Prior Drug-Related Criminal Charges and Risk for Intimate Partner Violence Perpetration Among Authorized Purchasers of Handguns in California

Rocco Pallin, Mona A. Wright, Elizabeth A. Tomsich, Garen J. Wintemute, Susan L Stewart, Rose M.C. Kagawa

Research output: Contribution to journalArticlepeer-review

Abstract

Intimate partner violence (IPV) is a considerable public health problem in the US, and evidence suggests that both drugs and firearms contribute to the risk of IPV and its severity. This study uses a retrospective, longitudinal cohort design to explore the association between past arrests, charges incurred in the legal process, and convictions for drug-related crimes, and risk of future arrest for IPV among legal handgun purchasers. The cohort included all legal purchasers of handguns in California in 2001 between the ages of 21 and 49 (n = 79,678), 156 of whom had pre-purchase drug charges and post-purchase IPV charges. We used Cox proportional hazards regression with age at time of handgun purchase, sex, and race/ethnicity, and an array of community characteristics as covariates. Over the study period (2001-2013), in comparison to handgun purchasers who had no charges or convictions prior to their index purchase, risk for future IPV arrest was increased for purchasers whose only prior charges were drug-related (aHR = 3.4 [95% CI: 2.4-4.9]) and purchasers who had both prior drug- and non-drug related charges (aHR = 4.9 [95% CI: 4.1-6.0]). The magnitude of the risk ratio was greater when multiple drug types were involved and when the person had been charged with both the use and sale of drugs. Our findings suggest that, among legal handgun purchasers, prior drug charges are associated with future risk of IPV arrests or convictions. Given the established link between firearm access and IPV severity and fatality, these findings may inform the development and enforcement of policies that reduce firearm access for those at elevated risk of perpetrating intimate partner violence.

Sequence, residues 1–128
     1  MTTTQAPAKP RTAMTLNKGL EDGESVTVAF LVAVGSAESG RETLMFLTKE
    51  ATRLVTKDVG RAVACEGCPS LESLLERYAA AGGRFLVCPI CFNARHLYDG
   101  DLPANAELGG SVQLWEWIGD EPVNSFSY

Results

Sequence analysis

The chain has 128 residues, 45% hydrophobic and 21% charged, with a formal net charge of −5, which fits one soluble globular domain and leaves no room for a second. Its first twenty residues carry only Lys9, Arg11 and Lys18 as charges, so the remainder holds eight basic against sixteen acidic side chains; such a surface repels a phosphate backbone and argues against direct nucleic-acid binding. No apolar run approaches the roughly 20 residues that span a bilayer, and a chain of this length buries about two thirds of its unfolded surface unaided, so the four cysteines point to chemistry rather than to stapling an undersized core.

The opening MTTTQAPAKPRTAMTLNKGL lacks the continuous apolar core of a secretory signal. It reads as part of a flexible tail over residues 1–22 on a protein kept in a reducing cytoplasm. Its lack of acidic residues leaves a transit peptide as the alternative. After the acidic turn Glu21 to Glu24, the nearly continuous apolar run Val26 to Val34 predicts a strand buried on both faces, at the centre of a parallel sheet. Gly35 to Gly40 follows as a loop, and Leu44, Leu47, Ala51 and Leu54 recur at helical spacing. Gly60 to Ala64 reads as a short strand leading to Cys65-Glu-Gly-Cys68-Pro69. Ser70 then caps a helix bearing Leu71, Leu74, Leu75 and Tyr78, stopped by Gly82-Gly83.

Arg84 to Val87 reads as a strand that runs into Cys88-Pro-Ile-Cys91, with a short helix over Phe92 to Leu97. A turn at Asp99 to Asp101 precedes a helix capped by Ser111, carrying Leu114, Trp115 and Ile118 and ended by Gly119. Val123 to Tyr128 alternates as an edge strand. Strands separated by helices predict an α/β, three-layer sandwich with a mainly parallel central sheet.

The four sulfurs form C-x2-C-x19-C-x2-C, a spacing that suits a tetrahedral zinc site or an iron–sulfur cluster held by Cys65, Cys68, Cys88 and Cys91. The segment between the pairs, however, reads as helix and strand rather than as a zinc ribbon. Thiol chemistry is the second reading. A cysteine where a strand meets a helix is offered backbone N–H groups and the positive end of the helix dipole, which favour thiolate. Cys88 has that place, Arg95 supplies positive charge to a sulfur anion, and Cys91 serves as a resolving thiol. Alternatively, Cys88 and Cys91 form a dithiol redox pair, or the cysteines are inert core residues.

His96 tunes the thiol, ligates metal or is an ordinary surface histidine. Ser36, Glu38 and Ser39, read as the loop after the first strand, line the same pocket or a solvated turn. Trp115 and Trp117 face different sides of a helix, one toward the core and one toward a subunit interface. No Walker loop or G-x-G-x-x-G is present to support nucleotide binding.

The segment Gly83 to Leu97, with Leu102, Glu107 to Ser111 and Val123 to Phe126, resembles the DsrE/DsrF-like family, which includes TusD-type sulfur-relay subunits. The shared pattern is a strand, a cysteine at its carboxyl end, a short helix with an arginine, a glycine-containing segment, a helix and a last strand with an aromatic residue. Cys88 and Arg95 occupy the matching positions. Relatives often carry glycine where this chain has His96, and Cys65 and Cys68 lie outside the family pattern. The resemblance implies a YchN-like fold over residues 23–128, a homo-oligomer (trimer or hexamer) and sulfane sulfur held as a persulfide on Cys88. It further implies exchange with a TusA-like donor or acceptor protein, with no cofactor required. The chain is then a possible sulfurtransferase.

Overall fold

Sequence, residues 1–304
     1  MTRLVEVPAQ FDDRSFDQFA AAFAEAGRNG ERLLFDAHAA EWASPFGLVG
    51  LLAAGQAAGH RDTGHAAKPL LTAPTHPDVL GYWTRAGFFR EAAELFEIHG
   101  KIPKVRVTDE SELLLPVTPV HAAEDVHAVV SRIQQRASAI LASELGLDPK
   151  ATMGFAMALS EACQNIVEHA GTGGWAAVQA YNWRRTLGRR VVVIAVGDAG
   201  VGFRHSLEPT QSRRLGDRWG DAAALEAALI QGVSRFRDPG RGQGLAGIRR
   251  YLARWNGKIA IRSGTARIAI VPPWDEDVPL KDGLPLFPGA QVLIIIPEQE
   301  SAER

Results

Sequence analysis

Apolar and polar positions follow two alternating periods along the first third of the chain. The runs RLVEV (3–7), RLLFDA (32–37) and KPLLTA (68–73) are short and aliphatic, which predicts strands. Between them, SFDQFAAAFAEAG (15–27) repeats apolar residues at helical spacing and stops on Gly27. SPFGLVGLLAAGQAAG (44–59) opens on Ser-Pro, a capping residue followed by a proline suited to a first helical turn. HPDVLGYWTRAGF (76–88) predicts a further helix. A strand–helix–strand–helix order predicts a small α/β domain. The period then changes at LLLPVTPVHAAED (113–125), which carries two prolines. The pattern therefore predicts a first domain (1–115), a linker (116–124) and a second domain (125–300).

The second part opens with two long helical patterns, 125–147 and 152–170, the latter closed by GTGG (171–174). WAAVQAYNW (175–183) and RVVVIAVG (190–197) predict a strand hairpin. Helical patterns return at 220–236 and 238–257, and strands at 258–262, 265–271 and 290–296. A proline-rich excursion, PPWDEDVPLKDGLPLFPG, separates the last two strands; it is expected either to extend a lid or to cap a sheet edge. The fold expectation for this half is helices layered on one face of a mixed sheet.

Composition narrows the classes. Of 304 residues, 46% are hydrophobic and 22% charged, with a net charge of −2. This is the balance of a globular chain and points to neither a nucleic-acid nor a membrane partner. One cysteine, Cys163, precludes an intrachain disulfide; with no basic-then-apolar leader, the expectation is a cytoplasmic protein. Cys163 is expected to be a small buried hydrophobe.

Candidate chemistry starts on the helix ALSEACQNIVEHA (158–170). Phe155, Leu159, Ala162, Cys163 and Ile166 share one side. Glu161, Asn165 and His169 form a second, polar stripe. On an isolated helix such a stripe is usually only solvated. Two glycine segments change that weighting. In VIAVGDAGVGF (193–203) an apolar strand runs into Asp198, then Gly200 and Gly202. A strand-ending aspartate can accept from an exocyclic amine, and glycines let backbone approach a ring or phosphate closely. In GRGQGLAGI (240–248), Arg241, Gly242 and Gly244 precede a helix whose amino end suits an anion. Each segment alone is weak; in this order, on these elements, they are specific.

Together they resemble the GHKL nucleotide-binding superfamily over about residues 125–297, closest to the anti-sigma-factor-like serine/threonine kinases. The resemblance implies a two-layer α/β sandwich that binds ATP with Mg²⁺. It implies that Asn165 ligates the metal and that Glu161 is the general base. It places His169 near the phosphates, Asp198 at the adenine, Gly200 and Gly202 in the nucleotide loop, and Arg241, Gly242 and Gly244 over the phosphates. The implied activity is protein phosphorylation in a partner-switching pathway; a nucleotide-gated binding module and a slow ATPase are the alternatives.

Original languageEnglish (US)
JournalJournal of Interpersonal Violence
DOIs
StateAccepted/In press - 2022

Keywords

  • arrest and conviction
  • drug sale
  • drug use
  • firearm prohibitions
  • firearm purchase
  • intimate partner violence
  • survival analysis

ASJC Scopus subject areas

  • Clinical Psychology
  • Applied Psychology

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